Flamenco, Flamenco Carlos Saura

Flamenco, Flamenco Carlos Saura
With an astonishing surplus of more than 40 films under his belt, being recognized by both Cannes and the Oscars, Spanish filmmaker Carlos Saura is mostly synonymous with movies featuring traditional flamenco and other Spanish dances. Fans of his work undoubtedly know him best for his flamenco trilogy in the '80s, which consisted of Bodas de Sangre, Carmen and El Amor Brujo, making this latest experimental documentary of sorts both unsurprising and familiar, seeing as Flamenco, Flamenco is about, well, flamenco dance and song.

Filmed entirely within the Seville Expo 92 pavilion, large reprints of some of the world's most beautiful paintings stand scattered across the floor and are either incorporated or the inspiration for the surplus of flamenco performances featured in the film. Saura gathered such international stars as Eva Yerbabuena, Sara Bara, Farruquito and Estrella Morente, and showcases the various sultry, emotional and spunky sides of the flamenco artistry.

What sets this film apart from other documentaries is how it's pieced together. The narrative is thrown out the window and instead replaced with a series of music video-quality performances, even foregoing the use of subtitles or any sort of translation. At the beginning of each piece, a small onscreen notation is provided to indicate the name of the performer(s), the genre and occasionally the name of the applicable choreographer. Once the performance is shown, the screen fades to black and then it's on to the next. Some feature only music, while some have full ensembles and one or more dancers – one even features three men sitting around a table knocking their knuckles in unison to emit a flamenco-inspired, peppy tune.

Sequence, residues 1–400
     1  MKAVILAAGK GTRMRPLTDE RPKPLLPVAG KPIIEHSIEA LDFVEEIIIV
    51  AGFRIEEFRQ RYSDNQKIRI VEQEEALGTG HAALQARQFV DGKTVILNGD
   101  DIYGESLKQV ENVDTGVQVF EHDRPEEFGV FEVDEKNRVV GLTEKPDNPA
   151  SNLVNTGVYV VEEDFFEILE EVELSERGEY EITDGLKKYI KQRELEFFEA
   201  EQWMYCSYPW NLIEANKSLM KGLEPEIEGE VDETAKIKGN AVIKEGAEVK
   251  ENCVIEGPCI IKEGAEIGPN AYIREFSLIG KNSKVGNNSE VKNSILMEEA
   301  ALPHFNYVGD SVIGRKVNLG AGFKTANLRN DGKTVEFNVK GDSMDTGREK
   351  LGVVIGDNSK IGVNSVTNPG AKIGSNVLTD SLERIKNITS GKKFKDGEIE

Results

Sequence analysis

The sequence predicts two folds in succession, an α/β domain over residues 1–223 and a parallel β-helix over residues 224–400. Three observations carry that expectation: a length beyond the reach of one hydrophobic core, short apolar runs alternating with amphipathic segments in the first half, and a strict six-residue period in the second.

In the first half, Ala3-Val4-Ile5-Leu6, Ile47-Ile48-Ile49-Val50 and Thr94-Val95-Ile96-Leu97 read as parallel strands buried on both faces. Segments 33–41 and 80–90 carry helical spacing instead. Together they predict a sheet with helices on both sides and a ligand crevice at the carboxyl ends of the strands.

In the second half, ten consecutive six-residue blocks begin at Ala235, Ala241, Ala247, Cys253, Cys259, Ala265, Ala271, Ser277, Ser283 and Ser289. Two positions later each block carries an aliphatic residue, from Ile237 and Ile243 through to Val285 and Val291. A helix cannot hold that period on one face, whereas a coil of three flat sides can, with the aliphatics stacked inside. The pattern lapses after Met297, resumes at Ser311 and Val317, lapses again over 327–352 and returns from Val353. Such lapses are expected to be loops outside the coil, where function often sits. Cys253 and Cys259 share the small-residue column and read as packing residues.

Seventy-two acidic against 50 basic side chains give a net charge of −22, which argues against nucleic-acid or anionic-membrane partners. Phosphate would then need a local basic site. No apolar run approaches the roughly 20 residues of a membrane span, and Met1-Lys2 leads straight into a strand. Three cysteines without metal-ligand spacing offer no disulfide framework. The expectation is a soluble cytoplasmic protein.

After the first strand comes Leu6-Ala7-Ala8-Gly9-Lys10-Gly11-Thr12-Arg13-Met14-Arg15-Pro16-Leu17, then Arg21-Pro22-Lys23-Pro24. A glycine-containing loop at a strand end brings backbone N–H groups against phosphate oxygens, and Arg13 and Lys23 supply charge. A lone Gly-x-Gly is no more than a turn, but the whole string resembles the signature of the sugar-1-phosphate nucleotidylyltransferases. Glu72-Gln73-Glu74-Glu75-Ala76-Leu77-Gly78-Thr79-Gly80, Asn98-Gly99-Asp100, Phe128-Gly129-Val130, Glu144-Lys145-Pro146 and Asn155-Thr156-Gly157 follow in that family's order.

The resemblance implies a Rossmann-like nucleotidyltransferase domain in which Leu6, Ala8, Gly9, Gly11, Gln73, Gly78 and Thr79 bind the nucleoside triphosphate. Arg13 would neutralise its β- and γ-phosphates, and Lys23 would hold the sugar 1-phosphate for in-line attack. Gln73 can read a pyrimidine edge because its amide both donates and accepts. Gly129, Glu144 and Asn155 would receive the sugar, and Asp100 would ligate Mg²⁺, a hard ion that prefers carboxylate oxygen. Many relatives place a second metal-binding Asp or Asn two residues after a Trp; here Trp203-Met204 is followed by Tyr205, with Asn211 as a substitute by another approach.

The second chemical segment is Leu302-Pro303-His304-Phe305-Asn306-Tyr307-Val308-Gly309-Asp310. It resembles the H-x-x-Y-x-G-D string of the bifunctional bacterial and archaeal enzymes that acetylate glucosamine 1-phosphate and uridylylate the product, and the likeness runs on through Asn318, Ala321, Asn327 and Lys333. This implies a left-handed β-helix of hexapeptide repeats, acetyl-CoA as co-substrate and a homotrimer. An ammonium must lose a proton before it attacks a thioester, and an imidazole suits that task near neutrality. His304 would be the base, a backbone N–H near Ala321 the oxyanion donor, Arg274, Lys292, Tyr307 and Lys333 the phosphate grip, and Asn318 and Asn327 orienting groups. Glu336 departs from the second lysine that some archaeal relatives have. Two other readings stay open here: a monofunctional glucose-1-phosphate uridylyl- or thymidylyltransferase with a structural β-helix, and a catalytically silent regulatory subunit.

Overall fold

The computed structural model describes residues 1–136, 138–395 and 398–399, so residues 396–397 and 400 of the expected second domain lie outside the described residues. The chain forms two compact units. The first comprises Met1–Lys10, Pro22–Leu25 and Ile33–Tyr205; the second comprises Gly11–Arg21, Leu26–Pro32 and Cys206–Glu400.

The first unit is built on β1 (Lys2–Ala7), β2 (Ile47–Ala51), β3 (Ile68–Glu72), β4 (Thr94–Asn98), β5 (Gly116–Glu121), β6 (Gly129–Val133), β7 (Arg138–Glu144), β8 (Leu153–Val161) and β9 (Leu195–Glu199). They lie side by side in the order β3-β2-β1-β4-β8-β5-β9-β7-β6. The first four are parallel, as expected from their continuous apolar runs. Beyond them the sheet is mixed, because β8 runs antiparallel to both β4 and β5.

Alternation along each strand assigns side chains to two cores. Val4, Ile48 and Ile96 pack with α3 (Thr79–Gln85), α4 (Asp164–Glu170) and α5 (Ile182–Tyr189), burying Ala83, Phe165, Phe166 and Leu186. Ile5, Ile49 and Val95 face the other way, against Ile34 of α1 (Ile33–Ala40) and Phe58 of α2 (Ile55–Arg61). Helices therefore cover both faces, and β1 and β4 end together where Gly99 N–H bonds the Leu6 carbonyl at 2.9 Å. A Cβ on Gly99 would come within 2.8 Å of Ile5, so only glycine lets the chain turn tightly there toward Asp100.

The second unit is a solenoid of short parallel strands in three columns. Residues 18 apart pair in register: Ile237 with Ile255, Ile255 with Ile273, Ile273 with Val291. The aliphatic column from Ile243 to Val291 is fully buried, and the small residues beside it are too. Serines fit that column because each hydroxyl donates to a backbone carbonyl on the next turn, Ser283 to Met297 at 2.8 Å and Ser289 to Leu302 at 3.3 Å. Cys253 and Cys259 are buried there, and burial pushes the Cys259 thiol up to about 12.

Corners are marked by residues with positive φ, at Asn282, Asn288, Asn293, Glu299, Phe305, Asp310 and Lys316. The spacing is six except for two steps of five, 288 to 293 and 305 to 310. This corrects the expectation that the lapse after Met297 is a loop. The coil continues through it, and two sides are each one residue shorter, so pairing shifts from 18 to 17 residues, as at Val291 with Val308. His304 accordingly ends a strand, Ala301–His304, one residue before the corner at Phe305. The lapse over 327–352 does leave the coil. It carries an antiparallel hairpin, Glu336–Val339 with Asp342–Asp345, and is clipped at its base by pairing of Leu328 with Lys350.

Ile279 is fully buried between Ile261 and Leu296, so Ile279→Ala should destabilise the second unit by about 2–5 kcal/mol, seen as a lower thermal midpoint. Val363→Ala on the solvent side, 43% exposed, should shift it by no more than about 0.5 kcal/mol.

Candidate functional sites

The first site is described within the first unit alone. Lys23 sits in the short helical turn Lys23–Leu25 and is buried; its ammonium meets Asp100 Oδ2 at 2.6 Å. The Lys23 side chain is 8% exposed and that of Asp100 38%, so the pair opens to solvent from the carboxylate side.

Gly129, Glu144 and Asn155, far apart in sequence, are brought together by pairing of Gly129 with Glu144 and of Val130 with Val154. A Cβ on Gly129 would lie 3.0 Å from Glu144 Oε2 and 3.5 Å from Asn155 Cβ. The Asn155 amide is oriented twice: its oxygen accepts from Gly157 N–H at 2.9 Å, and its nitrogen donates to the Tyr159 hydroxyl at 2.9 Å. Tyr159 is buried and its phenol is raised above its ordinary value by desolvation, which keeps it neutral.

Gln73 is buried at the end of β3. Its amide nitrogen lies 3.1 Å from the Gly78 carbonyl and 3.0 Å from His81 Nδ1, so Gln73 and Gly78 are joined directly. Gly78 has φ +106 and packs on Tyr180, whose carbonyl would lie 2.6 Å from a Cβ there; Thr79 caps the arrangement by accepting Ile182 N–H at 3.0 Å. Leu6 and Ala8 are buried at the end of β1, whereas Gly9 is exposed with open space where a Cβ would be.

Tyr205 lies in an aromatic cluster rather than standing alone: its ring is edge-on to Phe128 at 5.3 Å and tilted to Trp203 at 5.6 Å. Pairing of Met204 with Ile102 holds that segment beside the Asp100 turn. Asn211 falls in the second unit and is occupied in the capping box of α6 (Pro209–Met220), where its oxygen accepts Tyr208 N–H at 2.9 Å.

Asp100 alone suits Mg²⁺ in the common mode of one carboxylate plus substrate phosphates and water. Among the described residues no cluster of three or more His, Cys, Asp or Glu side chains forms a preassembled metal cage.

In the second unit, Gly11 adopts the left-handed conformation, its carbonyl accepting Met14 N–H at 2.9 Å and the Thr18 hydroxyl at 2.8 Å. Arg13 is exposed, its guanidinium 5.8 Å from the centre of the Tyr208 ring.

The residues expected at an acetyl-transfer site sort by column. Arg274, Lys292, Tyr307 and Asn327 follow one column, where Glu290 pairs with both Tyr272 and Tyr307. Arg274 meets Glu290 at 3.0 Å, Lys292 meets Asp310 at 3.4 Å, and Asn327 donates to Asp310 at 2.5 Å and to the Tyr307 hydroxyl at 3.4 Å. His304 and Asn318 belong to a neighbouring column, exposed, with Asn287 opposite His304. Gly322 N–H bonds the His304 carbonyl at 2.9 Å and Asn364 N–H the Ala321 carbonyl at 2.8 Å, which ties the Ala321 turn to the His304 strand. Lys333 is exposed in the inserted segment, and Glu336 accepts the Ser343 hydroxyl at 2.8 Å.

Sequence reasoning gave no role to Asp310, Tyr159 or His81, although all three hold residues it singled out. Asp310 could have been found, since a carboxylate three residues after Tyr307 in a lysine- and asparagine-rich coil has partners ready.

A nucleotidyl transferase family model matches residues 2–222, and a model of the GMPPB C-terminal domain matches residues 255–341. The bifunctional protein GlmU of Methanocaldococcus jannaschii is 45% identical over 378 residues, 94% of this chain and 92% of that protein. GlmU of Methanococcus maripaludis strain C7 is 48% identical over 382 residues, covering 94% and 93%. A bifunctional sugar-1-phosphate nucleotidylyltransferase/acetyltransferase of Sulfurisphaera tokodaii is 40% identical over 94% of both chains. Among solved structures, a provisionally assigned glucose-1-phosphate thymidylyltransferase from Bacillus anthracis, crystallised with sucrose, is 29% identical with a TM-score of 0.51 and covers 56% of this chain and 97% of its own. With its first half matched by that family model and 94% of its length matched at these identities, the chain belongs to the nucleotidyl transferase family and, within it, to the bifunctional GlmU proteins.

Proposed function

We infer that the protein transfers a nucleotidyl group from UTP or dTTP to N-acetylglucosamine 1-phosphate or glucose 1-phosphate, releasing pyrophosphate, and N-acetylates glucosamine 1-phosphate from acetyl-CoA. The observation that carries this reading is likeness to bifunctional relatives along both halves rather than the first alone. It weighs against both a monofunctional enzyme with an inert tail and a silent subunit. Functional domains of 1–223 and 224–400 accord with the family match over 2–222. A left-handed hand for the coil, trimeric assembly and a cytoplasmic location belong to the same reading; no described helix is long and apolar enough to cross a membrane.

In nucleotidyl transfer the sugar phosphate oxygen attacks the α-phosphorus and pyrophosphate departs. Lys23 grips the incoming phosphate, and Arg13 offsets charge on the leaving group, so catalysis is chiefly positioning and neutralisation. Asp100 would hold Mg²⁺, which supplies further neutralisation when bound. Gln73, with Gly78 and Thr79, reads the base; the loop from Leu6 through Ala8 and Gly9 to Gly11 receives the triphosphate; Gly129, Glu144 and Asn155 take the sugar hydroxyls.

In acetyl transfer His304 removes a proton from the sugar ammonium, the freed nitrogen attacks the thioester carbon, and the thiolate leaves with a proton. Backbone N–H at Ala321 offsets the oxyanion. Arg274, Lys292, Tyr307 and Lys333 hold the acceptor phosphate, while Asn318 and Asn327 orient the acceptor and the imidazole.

Those already keen on this performance genre will undoubtedly find this film breathtaking, revelling in the gorgeously framed visuals and sensuous performances. Notable is the minimal, but apt usage of colour, which perfectly complements the on-screen action, much like the large, cavernous space, allowing for some incredible camera angles that capture the spirit and emotion of the performances.

However, those without any prior knowledge of flamenco hoping to learn about the art's rich history will be disappointed by the 90 minutes of music videos, sans plot. (Mongrel Media)